Agents that interfere with the production of thyroid hormones can occur through what?
1) Attenuation of synthesis of thyroid hormones
2) Glandular destruction
What 2 drugs interfere with the production of thyroid hormones through the attenuation of synthesis of thyroid hormones?
1) thionamides
2) iodide
What occurs when gladular destruction is used to interfere with the production of thyroid hormones?
1) radiation (radioactice idodide)
2) Surgery
Insulin is secreted by what cells?
B-cells of the islets of Langerhans
Glucagon is secreted by what cells?
a-cells of the islets of langerhans
True or False? The pancreas is an endocrine and exocrine gland?
True, as an endocrine gland it produces peide hormone secreting insulin and glucagon. As an exocrine gland is is in control of digestive enzymes.
What triggers the insulin release in blood glucose levels?
The pancreas
What is the chronic metabolic disorder characterized by hyperglycemia which is due to insulin deficiency or insulin resistance?
Diabetes mellitus
What are the two main forms of diabetes?
1. Type I (juvenile-onset, insulin dependent diabetes)
2. Type II (maturity-onset, non insulin dependent diabetes)
What occurs in type II diabetes?
Decreased senstivity of peripheral tissues (liver & skeletal muscle) to circulate insulin, causing insulin resistance.
What occurs in type I diabetes?
There is complete failure of pancreatic B-cells function.
Drugs used in the treatment of diabetes mellitus are what agents?
insuli and oral hypoglycemic
Sources of insulin can be isolated from?
-Animal sources (beef and pork)
-Human insulin is produced synthetically by recombinant DNA technology.
What is the majory pharmacological action of insulin?
To lower blood glucose levels.
What type of hormone is insulin?
Anabolic
What are insulin's effects on the liver and on muscle?
Liver: inhibits glycogenolysis and promotes glucose storage as glycogen

Muscle: Increased glycogen synthesis
How are insulin preparations classified?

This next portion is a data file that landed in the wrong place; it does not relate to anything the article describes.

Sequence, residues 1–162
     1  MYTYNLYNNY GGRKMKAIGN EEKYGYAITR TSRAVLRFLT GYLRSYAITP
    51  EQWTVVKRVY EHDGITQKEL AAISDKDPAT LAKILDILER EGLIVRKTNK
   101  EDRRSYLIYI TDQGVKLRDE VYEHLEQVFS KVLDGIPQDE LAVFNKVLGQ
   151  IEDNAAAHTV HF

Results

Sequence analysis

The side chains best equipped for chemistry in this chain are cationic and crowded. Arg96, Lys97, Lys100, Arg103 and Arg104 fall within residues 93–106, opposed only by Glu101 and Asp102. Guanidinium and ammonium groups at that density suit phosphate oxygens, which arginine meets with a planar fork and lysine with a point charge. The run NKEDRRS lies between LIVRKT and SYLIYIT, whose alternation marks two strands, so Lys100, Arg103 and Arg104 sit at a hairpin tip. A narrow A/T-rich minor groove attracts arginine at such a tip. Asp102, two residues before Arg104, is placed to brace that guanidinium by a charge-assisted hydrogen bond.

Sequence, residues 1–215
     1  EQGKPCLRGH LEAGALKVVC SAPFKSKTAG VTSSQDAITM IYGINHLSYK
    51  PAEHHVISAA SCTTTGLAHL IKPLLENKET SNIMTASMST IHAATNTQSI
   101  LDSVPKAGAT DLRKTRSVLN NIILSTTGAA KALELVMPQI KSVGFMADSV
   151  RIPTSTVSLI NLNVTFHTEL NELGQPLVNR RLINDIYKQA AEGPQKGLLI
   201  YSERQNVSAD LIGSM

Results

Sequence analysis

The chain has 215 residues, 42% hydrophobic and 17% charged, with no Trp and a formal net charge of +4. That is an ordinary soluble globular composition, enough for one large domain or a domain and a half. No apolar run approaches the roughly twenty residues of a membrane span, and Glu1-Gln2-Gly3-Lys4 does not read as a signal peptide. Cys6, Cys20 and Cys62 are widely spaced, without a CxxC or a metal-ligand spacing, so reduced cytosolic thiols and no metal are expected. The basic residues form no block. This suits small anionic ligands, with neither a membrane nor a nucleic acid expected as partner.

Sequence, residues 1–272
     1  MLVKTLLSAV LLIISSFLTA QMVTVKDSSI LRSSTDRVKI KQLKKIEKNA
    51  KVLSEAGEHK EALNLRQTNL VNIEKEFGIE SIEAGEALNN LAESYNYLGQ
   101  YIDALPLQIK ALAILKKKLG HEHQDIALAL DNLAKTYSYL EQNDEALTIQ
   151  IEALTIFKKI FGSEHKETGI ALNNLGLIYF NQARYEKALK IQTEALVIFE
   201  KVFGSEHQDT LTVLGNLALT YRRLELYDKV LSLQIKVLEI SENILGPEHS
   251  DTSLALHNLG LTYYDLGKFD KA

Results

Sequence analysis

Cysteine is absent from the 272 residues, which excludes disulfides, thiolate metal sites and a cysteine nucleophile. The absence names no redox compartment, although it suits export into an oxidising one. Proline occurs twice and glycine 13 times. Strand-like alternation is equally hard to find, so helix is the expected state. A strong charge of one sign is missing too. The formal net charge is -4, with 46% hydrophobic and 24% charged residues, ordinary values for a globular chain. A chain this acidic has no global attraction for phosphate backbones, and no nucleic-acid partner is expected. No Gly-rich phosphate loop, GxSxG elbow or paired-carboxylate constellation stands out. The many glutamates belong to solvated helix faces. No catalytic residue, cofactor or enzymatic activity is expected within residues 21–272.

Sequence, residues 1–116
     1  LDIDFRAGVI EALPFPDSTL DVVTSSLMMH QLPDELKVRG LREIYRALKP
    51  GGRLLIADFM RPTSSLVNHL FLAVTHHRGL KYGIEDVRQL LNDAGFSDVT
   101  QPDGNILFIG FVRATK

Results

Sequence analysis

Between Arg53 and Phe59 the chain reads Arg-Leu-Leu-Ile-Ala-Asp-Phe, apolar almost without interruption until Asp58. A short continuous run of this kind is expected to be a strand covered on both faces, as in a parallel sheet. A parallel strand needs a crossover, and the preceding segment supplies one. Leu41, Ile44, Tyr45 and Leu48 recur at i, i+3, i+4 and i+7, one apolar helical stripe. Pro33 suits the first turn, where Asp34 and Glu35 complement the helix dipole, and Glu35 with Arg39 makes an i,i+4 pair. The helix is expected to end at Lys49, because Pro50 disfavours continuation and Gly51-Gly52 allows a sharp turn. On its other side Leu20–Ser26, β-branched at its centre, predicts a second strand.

They are classified according to onset, duration and intensity of action.
What are the side effects of insulin?
-Hypoglycemia
*initial symptoms include headache, sweating, tachycardia, hunger, and fatigue: may prodceed to mental consuion, convulsions, coma and death.
-Allergic reactions due to antigen-antibody reactions
-Weight gain
How are insulin preparations classified?
They are classified according to onset, duration and intensity of action.
Sulfnylureas and Biguanides are examples of what?
Oral hypoglycemic agents that are able to effectively lower blood sugar.
Tolbutamide, tolazamide (tolinase), chlorpropamide (diabinese) and glipizide (glucotrol) are examples of what oral hypoglycemic agent?
Sulfonylureas
Iodide and Radioactive Iodide are used to control hyperthyroidism in what disease?
Graves' disease
What is Graves' disease?
Thyrotoxicosis auto-immune thyroid disease resulting in excess thyroxine hormone.
What are the characteristics of radioactive iodine, in the treatment of hyperthyroidism?
It can selectively destroy thyroid tissues in hyperthyroid patients and is active orally and can be rapidly incorporated into the thyroid glad.
True or False? Bone is a dynamic tissue which occasionally undergoes changes in mineral content and internal structure.
False. Bone is a dynamic tissue which CONSTANTLY undergoes changes in mineral content and internal structure.
What controls the balance between bone resorption and formation?
-Parathriod hormone (PTH)
-Vitamin D
-Clacitonin
What do parathyroid cells monitor?
Plasma calcium levels
A decrease in this activates the release of parathyroid hormone?
plasma calcium
PTH (parathyroid hormone) increases blood calcium levles by altering calcium metabolism in?
-bone
-kidnys
-GI tract
A decrease in calcium in the blood causes an increase in PTH and what other substances?
-Bone: increase in bone resorption
-Kidneys: increase in the production of Vit. D
-GI tract: increase in calcium absorption (Vit. D)
What are four conditions associated with deficiency of calcium/vitamin D?
-rickets
-osteoporosis
-osteomalacia
-hypoparathyroidism
Pagets's disease is a condition assocated with what?
Excess calcium
What can be done to treat calcium deficiency?
-Calcium Supplements
-Vitamin D analogues
What do calcium supplements prevent?
Used to prevent bone loss in conditions such as osteoporosis, osteomalcia, and hypoparathyroidism.
Calcitriol (Calcijex) and caldifediol (calderol) are examples of?
Vitamin D analogues
What do vitamin D analogues do?
Used to enhance bone mineralization in conditions such as osteodystrophy, rickets, osteomalacia and hypoparathyroidism.
Calcitonin is used to treat what?
Excessive release of calcium
How does Iodide used to treat hyperthyroidsim?
In high concentrations, iodide can suppress thyroid function by inhibiting all steps invovled in thyroid hormone biosynthesis.
Thionamides are used to treat what?
Hyperthyroidism
What are some examples of Thionamides, which are used to treat hyperthyroidism?
-Propylthiouracil (Propyl-thyracil)
-Methimazole (Tapazole)
How do Thionamides, which are used to treat hyperthyroidism, work?
Inhibition of thyroidal peroxidase.
Whare are the therapeutic uses of thionamides?
Treatment of hyperthyroidism due to Graves disease.